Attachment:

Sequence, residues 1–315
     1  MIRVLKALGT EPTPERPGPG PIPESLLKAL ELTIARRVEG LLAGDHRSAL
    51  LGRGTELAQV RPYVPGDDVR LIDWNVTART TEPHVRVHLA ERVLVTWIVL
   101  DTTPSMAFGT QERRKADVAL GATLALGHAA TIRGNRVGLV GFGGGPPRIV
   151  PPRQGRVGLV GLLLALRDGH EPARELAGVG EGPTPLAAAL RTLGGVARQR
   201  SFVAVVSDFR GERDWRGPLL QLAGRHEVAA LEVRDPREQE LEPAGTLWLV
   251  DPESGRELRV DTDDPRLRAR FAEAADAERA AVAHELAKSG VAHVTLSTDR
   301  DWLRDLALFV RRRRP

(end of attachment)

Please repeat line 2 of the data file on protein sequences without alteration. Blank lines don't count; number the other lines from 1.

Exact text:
     1  MIRVLKALGT EPTPERPGPG PIPESLLKAL ELTIARRVEG LLAGDHRSAL